No more photies! Basically, the German cavalry eventually hit our rightmost legion in the rear, and then the next one in disintegrated due to casualties and poor morale, breaking the Roman army. This happened at exactly the same time as the German army reached its breakpoint - a draw.
The whole point of this exercise was not just to play an ad hoc game, but to experiment a little with different types of legion. I'm pretty sure I did a few things wrong, such as legion breakpoints and so on, but the game plus some discussion afterwards firmed up some ways to run the professional legions when they appear in the campaign, which is now not too far off. These suggestions have been written to be as rules neutral as possible:
- Rome may raise up to four legions from the capite censi in a single season, always bearing in mind the cost! Such a legion will initially be counted as raw, i.e. it will comprise 9 cohorts of fresh recruits counting as medium militia. The eagle cohort will be a step better, fighting as heavy militia. The legion breaks on 44 hits.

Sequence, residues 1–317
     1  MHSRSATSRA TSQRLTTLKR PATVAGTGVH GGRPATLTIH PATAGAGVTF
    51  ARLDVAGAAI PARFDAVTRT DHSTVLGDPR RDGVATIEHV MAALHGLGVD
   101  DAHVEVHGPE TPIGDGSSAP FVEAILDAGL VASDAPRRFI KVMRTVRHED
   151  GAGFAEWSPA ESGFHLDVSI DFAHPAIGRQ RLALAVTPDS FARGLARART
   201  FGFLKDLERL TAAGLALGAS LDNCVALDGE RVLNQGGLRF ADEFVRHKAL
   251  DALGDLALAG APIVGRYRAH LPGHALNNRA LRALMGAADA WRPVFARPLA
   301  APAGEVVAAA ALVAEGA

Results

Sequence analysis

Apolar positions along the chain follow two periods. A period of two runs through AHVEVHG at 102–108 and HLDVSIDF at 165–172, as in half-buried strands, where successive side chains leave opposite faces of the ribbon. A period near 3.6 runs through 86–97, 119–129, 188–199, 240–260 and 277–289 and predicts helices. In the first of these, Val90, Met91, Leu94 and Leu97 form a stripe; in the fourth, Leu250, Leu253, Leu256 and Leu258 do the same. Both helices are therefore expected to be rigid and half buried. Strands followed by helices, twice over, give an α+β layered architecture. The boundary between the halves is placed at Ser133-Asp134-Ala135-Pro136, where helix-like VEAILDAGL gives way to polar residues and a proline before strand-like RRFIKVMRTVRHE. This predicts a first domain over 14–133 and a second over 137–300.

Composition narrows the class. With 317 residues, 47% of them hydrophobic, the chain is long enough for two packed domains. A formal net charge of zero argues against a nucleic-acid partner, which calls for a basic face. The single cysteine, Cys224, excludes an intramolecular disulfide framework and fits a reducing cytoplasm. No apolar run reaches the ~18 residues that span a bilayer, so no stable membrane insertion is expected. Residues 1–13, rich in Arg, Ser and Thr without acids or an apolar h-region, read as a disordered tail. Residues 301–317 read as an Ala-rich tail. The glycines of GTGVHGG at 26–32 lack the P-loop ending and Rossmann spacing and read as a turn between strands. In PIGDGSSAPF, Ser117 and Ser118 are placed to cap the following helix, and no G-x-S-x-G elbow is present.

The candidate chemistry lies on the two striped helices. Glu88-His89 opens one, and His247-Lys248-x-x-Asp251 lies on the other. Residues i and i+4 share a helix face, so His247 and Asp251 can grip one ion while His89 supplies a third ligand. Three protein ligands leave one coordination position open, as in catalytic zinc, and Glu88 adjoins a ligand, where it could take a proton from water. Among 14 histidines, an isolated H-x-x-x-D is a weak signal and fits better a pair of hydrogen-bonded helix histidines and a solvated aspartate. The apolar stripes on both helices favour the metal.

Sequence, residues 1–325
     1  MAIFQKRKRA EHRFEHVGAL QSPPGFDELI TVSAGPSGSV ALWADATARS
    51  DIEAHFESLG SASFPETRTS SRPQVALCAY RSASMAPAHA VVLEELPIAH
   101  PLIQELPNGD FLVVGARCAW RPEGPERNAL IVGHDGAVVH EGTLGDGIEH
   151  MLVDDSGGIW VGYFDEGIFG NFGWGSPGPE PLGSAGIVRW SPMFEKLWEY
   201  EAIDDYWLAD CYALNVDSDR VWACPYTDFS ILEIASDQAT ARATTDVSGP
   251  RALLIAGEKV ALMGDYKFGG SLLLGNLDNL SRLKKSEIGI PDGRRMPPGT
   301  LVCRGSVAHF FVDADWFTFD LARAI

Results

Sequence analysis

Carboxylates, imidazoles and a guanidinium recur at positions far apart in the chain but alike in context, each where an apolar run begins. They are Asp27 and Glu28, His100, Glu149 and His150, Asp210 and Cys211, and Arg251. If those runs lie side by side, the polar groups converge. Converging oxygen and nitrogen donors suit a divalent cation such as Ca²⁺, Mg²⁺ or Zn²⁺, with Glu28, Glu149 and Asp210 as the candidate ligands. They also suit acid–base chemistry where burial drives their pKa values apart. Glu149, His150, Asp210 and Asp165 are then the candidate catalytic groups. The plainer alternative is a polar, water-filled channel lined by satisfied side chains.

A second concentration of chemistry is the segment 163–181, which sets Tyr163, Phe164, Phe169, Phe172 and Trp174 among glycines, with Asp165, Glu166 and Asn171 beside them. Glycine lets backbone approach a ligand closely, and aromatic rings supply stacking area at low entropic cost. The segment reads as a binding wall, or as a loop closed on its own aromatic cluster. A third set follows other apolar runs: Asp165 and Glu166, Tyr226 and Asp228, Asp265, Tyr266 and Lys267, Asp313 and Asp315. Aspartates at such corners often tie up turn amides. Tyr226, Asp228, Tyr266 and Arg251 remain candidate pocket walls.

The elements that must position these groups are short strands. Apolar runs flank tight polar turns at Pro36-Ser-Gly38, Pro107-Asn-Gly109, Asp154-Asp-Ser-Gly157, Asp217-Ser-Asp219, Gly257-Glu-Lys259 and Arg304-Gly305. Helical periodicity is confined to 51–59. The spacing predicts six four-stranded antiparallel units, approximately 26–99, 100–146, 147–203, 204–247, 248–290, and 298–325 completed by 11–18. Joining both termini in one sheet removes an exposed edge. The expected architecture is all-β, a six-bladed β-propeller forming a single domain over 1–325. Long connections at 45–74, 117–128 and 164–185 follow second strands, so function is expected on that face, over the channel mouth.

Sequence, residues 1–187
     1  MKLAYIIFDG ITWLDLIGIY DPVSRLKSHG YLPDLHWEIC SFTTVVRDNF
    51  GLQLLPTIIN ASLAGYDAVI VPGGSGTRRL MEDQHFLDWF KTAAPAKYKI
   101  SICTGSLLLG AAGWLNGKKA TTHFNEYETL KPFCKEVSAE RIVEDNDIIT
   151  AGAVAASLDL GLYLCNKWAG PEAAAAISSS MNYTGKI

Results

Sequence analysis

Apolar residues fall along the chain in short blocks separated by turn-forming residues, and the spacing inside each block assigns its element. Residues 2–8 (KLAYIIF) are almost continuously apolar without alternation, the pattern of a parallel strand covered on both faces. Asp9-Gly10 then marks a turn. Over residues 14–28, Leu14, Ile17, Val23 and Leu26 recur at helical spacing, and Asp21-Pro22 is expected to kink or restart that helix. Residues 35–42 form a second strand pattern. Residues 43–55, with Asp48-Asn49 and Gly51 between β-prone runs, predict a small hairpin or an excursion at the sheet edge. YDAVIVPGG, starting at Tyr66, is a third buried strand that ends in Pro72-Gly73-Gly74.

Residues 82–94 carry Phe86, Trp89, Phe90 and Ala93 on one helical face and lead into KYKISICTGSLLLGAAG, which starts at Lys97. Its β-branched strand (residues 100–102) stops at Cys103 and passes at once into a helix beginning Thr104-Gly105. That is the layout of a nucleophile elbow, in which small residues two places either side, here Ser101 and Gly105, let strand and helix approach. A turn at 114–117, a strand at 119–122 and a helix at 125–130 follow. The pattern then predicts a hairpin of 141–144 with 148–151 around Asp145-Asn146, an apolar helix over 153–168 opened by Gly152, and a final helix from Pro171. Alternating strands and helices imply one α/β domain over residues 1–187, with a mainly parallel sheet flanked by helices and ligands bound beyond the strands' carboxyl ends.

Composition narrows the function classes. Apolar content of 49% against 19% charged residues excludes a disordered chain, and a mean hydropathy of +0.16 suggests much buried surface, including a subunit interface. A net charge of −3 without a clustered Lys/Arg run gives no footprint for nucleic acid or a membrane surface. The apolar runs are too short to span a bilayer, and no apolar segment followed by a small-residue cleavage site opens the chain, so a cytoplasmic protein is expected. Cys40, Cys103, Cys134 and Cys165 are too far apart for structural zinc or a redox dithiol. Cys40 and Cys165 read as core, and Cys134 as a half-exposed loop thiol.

- The army may move on immediately, or it may spend the season training. In this case each legion pays an extra point per figure, giving a trained legion of 9 cohorts of heavy militia and an eagle cohort of veterans. Such a legion will still have 44 hits. A raw legion may use this training rule at any time - it just takes a season and costs cash.
- In order to simplify campaign book keeping, a legion is lost when it is broken on the field. If, however, it survives and either draws or wins the battle, it automatically improves as follows. A raw legion beomes trained. A trained legion becomes veteran, with an elite eagle cohort and 58 hits. Legions that survive will always come back in effect at full strength.
- Should a veteran legion survive in this way for another two battles, it becomes elite, with a legendary eagle cohort (think Caesar's Tenth). It will have 66 hits.
- If an elite legion loses a battle it is reduced to veteran status.